One-third of Harvard undergrads favor abolishing or defunding campus police
Harvard University’s newspaper conducted a study that shows one third of undergraduates support the abolition or defunding of Harvard University’s Police Department.
The survey results come amid a nationwide push to defund the police at city and local levels.
More than one-third of Harvard University undergraduate students support defunding or abolishing the university police department.
That's according to a recent survey, the results of which were reported by The Harvard Crimson student newspaper. That survey, which the Crimson also conducted, reportedly found that of the 877 students surveyed, 35 percent, or just more than 300 said they favor defunding or abolishing the campus police. Meanwhile, 46.8 percent, or about 410 respondents, said they oppose that idea.
The Crimson also asked students whether they support the university divesting its $40 billion endowment from fossil fuel companies and private prisons. On that question, about 73 percent, or about 643 students, said they support the measure.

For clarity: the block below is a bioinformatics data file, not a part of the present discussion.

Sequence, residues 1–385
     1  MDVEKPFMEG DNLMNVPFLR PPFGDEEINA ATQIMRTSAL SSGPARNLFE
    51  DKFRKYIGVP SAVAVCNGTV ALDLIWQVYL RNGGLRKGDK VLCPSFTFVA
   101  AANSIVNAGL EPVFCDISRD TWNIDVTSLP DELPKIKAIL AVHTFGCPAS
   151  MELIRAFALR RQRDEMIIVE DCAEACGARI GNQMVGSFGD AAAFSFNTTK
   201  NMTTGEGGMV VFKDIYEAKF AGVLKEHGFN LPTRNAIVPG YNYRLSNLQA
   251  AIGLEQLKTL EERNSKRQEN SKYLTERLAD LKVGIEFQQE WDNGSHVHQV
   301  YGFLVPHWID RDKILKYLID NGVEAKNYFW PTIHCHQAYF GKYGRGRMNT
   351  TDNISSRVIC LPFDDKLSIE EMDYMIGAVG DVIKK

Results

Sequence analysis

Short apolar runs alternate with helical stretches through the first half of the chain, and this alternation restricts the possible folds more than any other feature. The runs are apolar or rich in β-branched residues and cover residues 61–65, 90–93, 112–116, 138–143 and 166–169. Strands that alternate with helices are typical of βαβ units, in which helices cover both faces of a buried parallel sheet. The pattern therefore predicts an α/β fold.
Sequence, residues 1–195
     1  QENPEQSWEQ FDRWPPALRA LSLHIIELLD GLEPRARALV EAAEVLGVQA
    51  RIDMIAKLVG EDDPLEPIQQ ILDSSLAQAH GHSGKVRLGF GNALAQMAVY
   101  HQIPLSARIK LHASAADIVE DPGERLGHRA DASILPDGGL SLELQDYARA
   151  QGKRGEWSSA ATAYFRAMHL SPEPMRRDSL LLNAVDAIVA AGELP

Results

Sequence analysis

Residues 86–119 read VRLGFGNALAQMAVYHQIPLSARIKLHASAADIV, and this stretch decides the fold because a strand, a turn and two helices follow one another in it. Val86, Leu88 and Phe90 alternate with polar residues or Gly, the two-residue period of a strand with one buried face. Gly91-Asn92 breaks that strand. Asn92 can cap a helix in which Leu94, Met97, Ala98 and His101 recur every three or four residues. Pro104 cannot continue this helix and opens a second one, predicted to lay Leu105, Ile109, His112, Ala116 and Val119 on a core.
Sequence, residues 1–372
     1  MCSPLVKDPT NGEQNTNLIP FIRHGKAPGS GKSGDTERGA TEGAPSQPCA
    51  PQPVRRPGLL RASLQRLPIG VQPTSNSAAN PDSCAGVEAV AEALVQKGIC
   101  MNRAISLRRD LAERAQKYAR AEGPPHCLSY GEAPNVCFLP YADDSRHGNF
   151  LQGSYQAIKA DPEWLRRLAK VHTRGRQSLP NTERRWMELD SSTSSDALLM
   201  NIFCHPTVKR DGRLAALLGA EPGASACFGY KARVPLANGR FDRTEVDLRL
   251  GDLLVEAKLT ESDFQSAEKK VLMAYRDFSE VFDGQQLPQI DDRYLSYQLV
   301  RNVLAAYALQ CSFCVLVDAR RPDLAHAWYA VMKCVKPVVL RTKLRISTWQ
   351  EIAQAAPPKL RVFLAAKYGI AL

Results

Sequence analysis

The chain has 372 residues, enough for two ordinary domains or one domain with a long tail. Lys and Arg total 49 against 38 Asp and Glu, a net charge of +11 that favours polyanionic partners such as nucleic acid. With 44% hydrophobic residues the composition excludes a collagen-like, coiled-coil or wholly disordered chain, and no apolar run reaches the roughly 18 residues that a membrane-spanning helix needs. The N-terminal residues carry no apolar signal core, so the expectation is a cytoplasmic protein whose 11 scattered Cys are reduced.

Jasmine Huang, a junior at Harvard University, told Campus Reform that she has heard a lot of students say they feel uncomfortable by the campus police department.
“I’d better preface that I’m not nearly as into campus policy as many others are, but there have been a good amount of Harvard confessions about how people feel threatened and uncomfortable by the police department," Huang said.
Huang, however, said that things have changed during her time at the Ivy League school.
“As a freshman, my impression of them was slightly positive because people told me they had special instructions to not police underage drinking," Huang said. Continuing, Huang shared, “Maybe I’m not giving them enough credit because maybe it’s their active absence that I prefer as opposed to abolishing them and having Cambridge Police take over.”
“I’ve never personally seen them at work and have only heard negative things from when they do do work,” Huang said.
Campus Reform reached out to Harvard University but did not receive a response in time for publication.
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